Indulge in Sydney’s most decadent desserts
Looking for the best dessert in Sydney? These crumbly cakes, pretty pastries and tasty treats will hit the (sweet) spot.
Nomtella Cake at
It's the cake that made Reynold Poernomo famous on MasterChef, the aptly named Nomtella. Layers of dark chocolate brownie, espresso mousse, salted caramel ganache and hazelnuts come together in the perfect nutty mocha-y bite.
Goya at La Renaissance
It’s only fitting that the delicate French pastries at this bijou cafe should be named for artists; they look like works of art themselves. The Goya is raspberry mousse with a creamy passionfruit centre, almond nougatine and pain de genes biscuit base, with one of their signature macarons on the side.
Balles Bougatsa at Lukumades
Lukumades are a traditional Greek doughnut, sold from pastry shops or hole-in-the-wall cafes as an afternoon snack, often topped with sweet syrup and crushed walnuts. Taking cues from its namesake, there’s plenty of modern flavours on offer at this Chippendale venue, but you can’t go past a classic – Balles Bougatsa is filled with custard and topped with cinnamon and icing sugar.
Strawberry Watermelon Cake at Black Star Pastry
It’s called the most Instagrammed cake in the world and with its pretty-as-a-picture layers of almond dacquoise, rose-scented cream and watermelon, topped with strawberries, pistachios and dried rose petals, it’s easy to see why. Expect a line out the door most days to get one.
White Coral at Quay
Quay’s snow egg was the first dessert in Australia to become a celebrity in its own right. In 2018 it was replaced by white coral – white chocolate ganache frozen with nitrous oxide until it takes on a spongy, coral-like texture, served with coconut cream and feijoa ice-cream.
Salted Caramel and White Chocolate Gelato at Gelato Messina
Every gelato aficionado has its own favourite scoop from Gelato Messina, true legends of the game in Sydney, but the salted caramel and white chocolate is consistently their best seller. It’s made with milk from Messina’s own jersey cows and churned fresh in-store every day.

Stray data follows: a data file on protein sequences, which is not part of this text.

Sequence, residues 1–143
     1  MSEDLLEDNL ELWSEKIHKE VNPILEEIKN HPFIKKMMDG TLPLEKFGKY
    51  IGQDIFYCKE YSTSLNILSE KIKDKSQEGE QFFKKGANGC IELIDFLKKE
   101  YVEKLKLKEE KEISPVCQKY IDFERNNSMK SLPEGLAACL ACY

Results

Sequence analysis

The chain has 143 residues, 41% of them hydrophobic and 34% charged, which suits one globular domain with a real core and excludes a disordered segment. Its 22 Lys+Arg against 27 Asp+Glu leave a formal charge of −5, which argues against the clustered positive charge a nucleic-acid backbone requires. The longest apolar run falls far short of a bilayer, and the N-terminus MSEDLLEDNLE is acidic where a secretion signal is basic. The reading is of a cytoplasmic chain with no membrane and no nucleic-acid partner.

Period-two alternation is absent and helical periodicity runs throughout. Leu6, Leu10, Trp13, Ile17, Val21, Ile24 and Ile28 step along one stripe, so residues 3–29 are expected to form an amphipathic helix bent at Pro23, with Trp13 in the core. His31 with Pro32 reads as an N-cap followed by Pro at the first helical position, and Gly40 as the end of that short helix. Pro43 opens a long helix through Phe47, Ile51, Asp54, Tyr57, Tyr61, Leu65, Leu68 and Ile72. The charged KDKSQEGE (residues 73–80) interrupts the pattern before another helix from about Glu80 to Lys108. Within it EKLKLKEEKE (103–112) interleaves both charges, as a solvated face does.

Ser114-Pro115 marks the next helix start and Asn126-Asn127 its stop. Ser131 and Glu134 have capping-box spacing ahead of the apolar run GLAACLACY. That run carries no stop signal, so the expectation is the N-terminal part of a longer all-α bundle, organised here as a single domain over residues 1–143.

Cheesecake at Uncle Tetsu
A cult favourite in Japan, Uncle Tetsu brought their brand of oh-so-fluffy cheesecake with the golden brown top to Australia in 2016. Demand was so intense when it first opened that there was a limit of one cake per person. Happily, you can now buy as many as you like.
Baked Ricotta Cake at Pasticceria Papa
This traditional southern Italian bakery has been a Sydney favourite for more than 30 years and those in the know always order the baked ricotta cake. Made from a secret family recipe, its light and fluffy ricotta is encased in flaky pastry that melts in your mouth.
The OG Lamington at Tokyo Lamington
A Japanese take on the iconic Australian sweet, Tokyo Lamington has a huge range of flavours from fairybread popcorn to yuzu meringue and banana caramel, but it’s hard to go past the classic. Fluffy sponge, raspberry jam and vanilla cream, dipped in chocolate and coated in coconut – bliss.
Portuguese Tart at Sweet Belem
Daydreaming about a Portuguese tart that rivals the famous delights you find on the streets of the Lisbon suburb of Belem? Head to Petersham’s Sweet Belem, which sells between 600 to 1,000 pasteis de natas on a weekend day. Once you bite into the flaky outer shell to the warm custard inside, you’ll understand why the Inner West bakery has become an institution.
Almond Croissant at Flour and Stone
Found in the back streets of Woolloomooloo, Flour and Stone serve up classic bakery delights, including coffee, pastries, cakes, and savoury sausage rolls and pies. The real showstopper, however, is the flaky almond croissant – cooked fresh every night by chief of viennoiserie Mary Johnston, using Pepe Saya butter. Come hungry so you can taste other menu delights, such as sourdough crumpet with ricotta and honeycomb, or a creamy leek and gruyere tart.